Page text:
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U.S. Class 8 retail sales fell 10.4% to 17,131 in September, WardsAuto.com reported.
Production once again could not meet stellar industry demand; most truck makers posted lower sales.
A year earlier, sales reached 19,126.
Through the first nine months, sales improved 22.2% to 163,683 compared with 133,921 a year earlier.
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In September, just the two smallest brands posted year-over-year sales gains.
Western Star, a unit of Daimler Trucks North America, increased sales 36.6% to 534 units compared with 391 in the 2020 period. That was good for a 3.1% market share.
Mack Trucks, a unit of Volvo Group, increased sales 18.7% to 1,566 compared with 1,319 a year earlier. It notched a 9.1% share.
DTNA’s Freightliner brand remained the market leader with a 39.1% share despite its sales falling 13.1% to 6,703 compared with 7,713 a year earlier.
Truck makers are building in unprecedented times.
One expert said scores of parts continue to be in short supply due to the coronavirus pandemic.
“There is the lingering impact of steel tariffs which have domestic steel prices well above other global benchmarks, and the February storm that incapacitated Texas and shut down swaths of the U.S. plastics industry for two-plus quarters,” said Steve Tam, vice president of ACT Research. “Aluminum extrusions are a challenge, wire is hard to find and tires have been mentioned since day one of the new cycle. And like the supply chains themselves, the issues are not only domestic and not only commercial vehicle. Semiconductors might be masking other component issues, but they are at the heart of the supply chain’s woes. Even as new ‘fab’ capacity is coming online this year and next, global automotive industry shutdowns continue.”
Peterbilt Motors Co., a unit of Paccar Inc., had the steepest decline, 28.9%, on sales of 1,910 compared with 2,686 a year earlier. It pulled down an 11.1% share.
Kenworth Truck Co., also a Paccar brand, posted a 6.3% decline in sales to 2,625 compared with 2,800 a year earlier. It notched a 15.3% share.
Paccar recently reported 7,000 deliveries in the third quarter were stalled, with trucks on the sidelines awaiting semiconductors.
International, a brand of Navistar Inc., saw sales fall 7.8% to 2,080 compared with 2,256 a year earlier.
Volvo Trucks North America, a member of Volvo Group, posted sales of 1,713. That was down 12.6% compared with 1,960 a year earlier. In September, it earned a 10% share.
Don Ake, vice president of commercial vehicles at FTR, told Transport Topics that September’s volume was “right in line with expectations since truck production is tracking in a narrow range due to component shortages.”
“It is expected that retail sales will remain around this level for the next few months. Truck dealers remain starved for inventories.”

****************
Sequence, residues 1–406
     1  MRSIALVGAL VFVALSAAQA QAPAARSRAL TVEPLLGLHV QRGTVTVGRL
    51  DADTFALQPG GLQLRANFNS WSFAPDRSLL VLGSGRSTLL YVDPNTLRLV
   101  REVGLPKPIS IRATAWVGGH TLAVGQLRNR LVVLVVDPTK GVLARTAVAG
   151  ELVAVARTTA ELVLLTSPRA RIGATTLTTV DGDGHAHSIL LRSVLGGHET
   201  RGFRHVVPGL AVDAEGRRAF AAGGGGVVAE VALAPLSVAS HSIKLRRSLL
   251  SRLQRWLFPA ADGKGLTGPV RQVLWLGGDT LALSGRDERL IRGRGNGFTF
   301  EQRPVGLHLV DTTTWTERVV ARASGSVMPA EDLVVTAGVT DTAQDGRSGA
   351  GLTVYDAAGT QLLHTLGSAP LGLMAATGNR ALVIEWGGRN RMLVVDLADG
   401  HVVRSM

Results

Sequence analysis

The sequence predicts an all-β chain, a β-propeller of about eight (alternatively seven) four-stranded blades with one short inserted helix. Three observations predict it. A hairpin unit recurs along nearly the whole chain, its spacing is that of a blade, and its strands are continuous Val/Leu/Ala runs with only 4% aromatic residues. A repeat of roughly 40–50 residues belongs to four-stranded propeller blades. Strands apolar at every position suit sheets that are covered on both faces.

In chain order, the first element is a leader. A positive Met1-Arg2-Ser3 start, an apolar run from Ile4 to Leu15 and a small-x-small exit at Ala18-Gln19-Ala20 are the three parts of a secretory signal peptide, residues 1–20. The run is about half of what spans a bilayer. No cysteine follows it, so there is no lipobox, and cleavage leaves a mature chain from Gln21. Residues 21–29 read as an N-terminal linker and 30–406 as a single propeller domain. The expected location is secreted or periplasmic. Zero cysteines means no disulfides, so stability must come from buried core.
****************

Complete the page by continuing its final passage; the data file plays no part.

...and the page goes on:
There was a brighter outlook at VTNA.
“We are seeing our retail sales rise for the second month in a row after the hit experienced this summer due to the strike at our manufacturing plant in Dublin, Va.,” said Magnus Koeck, vice president of strategy at VTNA. “We are still experiencing general supply chain constraints including semiconductors, along with the rest of the industry, and we believe this will continue to be the situation for the foreseeable future.
“The overall market will continue to be lower than anticipated, and it will take some time before we will see improved numbers.”
At Mack, growth is spurred by consumer spending, elevated residential construction activity and the recovery in the manufacturing sector as they remain the primary contributors to high industry demand, said Jonathan Randall, senior vice president of sales at Mack.
“Freight pricing is projected to remain strong because of the current economic outlook, so customers are investing in new Class 8 Mack on-highway and vocational trucks to help attract drivers and reduce their cost of ownership through greater fuel efficiency and Mack’s suite of uptime services,” he said.
And rate increases are expected to accelerate, according to investment firm Cowen Inc.’s third-quarter carrier survey.
Cowen found carriers expect rate increases in the next six months to be 5.1%, up from 4.9% in its second-quarter survey. “Contracts that carriers renegotiated in the last month averaged a 4.9% rate increase, up from a 4.5% rate increase in Q2.”
Participants in its survey this quarter accounted for more than 20,000 Class 8 trucks, according to the company.
Another of the survey’s findings underscored an increasing number of truckload carriers are planning to buy autonomous trucks.
Cowen asked participants who are open to testing autonomous trucks if they would either own the autonomous trucks or use a third party for autonomous capabilities.
Forty-eight percent of those participants plan to own autonomous trucks themselves in the next five years, up from 36% last quarter, while 52% plan to use a third party for autonomous capabilities, down from 64% from the second quarter.
Of the survey’s total respondents:
• 26% operate 26-50 trucks
• 21% operate 1-25 trucks
• 20% operate 101-250 trucks
• 17% operate 251 or more trucks
• 8% operate 76-100 trucks
• 8% operate 51-75 trucks.
Other truck makers either declined or did not respond to a request for comment.
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